Crude Oil

CRUDE Oil is a combination of natural hydrocarbons, which is refined to diesel, jet fuel, kerosene, gasoline, heating oil, and many other products called petrochemicals. Crude oils are named according to their origins and contents, also classified according to their unit weight and gravity. Heavier crude produce more heat upon burning; however, it has lower API gravity and market price in comparison to light crude such as Bonny Light Crude Oil.
             Crude Oil also known as Petroleum, is an essential liquid found within the Earth, which comprised of organic compounds, hydrocarbons and small quantity of metal. Although hydrocarbons are the primary component of crude oil, their composition often varies from about 50% to about 97% depending on the nature of crude oil and the extraction method used. Organic compounds such as oxygen, nitrogen, and sulfur usually form about 6%-10% of crude oil whereas metals like vanadium, copper, nickel and iron typically account for below 1% of the total composition of Crude Oil.

Crude Oil Development
Crude oil is produced through compression and heating of organic materials for an extended period of time. Nearly all the oil we extract nowadays is from the residue of prehistoric algae and zooplankton whose leftovers settled on the underneath of an Ocean, Sea or Lake. Eventually, this organic material mixed with mud and was heated to very high temperatures from the pressure of heavy layers of sediment. This process is called diagenesis, changes the chemical composition into a compound known as kerogen and then, with improved heat, into liquid through a process referred to as catagenesis. There is no much difference between diagenesis and metamorphism, however metamorphism occurs at higher temperatures and pressures than diagenesis.

Extraction of Crude Oil
 The main technique of crude oil extraction is called drilling. The method often start with Geologists initial identify a piece of land they think has oil flowing underneath it. There are several ways to do this; the most commonly used methods are satellite imagery, magnetometers and gravity meters. As soon as a steady flow of oil is found, then underground drilling can commence. 
                Drilling method is not a very difficult process, however; a regular procedure has already been developed for maximum efficiency. The initial process involves drilling the ground in the correct location where the crude oil is sited. When a steady flow is identified at a particular distance downward below the ground then a perforating-gun is lowered down the oil well.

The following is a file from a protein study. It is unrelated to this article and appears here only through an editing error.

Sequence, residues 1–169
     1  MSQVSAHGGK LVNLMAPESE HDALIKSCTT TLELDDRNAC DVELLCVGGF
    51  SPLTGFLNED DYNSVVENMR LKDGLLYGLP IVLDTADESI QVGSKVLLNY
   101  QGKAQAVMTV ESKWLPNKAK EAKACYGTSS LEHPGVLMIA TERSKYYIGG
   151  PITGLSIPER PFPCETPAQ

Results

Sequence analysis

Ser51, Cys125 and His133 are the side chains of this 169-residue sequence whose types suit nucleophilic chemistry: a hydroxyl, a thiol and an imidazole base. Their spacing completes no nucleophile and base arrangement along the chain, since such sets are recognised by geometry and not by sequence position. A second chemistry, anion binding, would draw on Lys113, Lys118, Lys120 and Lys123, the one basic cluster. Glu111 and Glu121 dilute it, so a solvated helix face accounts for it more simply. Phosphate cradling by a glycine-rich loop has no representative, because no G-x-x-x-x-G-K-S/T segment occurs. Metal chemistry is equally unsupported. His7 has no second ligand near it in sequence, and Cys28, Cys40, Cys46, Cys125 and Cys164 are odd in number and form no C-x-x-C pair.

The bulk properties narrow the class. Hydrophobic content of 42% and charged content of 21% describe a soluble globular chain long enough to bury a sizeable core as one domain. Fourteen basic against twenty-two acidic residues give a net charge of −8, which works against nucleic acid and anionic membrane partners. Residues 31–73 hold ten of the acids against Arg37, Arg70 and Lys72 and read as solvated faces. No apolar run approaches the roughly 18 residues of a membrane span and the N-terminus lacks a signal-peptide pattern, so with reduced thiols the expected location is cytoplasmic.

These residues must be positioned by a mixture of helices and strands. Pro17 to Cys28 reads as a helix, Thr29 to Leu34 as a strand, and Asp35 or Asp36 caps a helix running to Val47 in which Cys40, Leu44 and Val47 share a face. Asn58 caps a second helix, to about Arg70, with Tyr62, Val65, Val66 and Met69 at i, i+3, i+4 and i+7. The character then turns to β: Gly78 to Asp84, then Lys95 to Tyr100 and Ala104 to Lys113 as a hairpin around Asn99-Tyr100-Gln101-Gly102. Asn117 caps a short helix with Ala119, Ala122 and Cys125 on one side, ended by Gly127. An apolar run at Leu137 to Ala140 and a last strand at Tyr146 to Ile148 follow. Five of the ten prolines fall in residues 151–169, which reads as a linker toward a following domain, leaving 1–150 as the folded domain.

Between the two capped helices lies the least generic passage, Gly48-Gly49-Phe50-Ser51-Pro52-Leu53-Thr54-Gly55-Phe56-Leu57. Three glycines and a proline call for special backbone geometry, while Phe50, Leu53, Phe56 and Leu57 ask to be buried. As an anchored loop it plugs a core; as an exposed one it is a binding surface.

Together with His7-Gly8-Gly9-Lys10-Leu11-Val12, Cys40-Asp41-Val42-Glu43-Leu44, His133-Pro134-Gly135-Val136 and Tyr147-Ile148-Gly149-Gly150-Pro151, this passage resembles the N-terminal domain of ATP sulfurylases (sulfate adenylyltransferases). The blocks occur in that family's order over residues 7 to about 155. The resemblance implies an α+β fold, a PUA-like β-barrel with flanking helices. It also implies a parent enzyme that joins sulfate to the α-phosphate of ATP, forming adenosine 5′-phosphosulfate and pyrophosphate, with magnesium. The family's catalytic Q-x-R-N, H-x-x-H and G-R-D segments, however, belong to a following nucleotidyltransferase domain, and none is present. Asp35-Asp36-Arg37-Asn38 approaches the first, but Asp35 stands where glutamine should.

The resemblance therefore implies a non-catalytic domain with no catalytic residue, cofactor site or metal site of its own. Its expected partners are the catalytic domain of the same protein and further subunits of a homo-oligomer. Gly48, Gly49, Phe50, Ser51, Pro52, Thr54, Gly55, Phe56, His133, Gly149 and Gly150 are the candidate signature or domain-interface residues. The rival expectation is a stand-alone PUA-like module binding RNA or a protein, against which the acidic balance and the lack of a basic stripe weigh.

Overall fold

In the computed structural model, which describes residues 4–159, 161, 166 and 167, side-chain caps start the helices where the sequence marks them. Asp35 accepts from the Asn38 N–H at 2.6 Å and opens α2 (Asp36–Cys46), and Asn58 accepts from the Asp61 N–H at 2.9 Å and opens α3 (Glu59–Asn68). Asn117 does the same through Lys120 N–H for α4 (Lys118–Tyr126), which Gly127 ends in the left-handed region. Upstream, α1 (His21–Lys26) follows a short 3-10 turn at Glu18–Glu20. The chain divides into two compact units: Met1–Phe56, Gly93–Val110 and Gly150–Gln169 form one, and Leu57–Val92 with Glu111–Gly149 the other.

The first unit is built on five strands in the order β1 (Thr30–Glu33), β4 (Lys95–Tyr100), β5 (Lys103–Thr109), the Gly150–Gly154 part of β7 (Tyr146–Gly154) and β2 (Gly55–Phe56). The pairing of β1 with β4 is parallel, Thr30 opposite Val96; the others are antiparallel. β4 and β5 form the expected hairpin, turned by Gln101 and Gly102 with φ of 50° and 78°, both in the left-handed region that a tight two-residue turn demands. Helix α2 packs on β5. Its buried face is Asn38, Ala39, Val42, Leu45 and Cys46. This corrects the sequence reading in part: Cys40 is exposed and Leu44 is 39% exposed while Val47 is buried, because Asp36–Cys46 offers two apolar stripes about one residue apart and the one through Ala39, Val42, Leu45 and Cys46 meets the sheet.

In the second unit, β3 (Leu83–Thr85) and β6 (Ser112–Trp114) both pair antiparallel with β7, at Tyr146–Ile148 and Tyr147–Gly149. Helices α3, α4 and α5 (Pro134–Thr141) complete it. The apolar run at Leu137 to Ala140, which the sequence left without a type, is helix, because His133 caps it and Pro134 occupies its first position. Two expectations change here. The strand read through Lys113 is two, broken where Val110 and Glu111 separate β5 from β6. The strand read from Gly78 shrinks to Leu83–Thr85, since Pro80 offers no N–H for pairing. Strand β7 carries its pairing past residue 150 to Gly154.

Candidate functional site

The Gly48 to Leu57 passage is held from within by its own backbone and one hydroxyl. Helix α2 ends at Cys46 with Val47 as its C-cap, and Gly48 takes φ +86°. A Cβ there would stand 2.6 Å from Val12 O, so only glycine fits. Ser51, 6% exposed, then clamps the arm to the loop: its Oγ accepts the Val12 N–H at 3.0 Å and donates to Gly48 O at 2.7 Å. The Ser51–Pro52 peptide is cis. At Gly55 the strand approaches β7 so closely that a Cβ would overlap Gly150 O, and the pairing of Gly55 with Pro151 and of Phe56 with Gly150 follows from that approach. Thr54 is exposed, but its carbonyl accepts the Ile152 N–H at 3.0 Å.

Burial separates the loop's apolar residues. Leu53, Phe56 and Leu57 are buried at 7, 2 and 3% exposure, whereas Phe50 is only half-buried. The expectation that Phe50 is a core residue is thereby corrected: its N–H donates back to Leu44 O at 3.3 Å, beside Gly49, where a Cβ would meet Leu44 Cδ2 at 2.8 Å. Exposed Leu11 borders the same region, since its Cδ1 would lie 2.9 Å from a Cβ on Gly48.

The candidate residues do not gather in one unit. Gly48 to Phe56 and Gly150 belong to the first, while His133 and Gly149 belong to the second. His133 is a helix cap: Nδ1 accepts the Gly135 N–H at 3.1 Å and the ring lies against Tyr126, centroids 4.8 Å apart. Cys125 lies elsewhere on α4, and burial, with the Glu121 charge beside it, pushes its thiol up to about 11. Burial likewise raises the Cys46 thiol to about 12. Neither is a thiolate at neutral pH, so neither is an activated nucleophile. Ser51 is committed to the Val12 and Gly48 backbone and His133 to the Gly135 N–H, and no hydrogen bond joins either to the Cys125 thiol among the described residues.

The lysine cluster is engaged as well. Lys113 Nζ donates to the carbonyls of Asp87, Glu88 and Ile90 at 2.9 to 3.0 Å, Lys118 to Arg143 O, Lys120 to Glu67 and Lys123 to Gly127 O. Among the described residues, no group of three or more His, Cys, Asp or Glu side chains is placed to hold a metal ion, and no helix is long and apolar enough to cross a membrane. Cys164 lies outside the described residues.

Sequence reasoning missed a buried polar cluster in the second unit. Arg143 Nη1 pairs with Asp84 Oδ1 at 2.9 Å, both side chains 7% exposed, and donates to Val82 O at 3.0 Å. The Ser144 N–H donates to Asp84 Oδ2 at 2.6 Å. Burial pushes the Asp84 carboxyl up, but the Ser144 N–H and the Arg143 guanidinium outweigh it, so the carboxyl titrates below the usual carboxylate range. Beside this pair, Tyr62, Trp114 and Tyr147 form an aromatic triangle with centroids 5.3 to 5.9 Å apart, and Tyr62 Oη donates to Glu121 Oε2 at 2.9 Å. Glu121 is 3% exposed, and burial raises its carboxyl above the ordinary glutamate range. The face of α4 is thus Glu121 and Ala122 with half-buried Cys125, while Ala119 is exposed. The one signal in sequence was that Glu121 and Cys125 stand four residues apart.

A perforating gun usually has explosive charges in it, which allow crude oil to flow through holes in the casing up the well. The final step is the placement of a structure popularly called a Christmas tree, which allows crude oil workers to be in control of the flow of oil from the well.

Oil Sands

              Oil sand is a naturally occurring combination of sand, clay, water and other minerals, oil sand is a heavy and extremely thick oil known as bitumen which must be treated before it can be used to produce fuels such as gasoline and diesel etc. improved technologies are now increasing the treatment techniques available to oil sands producers.

              The extraction procedure for oil sands is unlike drilling due to the thickness of this over-heavy oil. Instead of using drills, crude oil is extracted from oil sands using a process called strip mining and other techniques used to reduce the thickness of the oil. This process is often far more expensive than the traditional drilling.

Global Oil Production

              Almost every human being on earth and every country in the planet depend on oil; however, not all countries produce oil. The top five oil-producing countries are Saudi Arabia, United States, Russia, China and Iran. It is important to note that the term production here refers to crude oil extracted from oil reserves. In addition, the top five oil-consuming countries are Japan, United States, China, Germany and Russia.
              The current rate of global oil consumption is estimated that worldwide oil reserves will drastically reduced by 2039.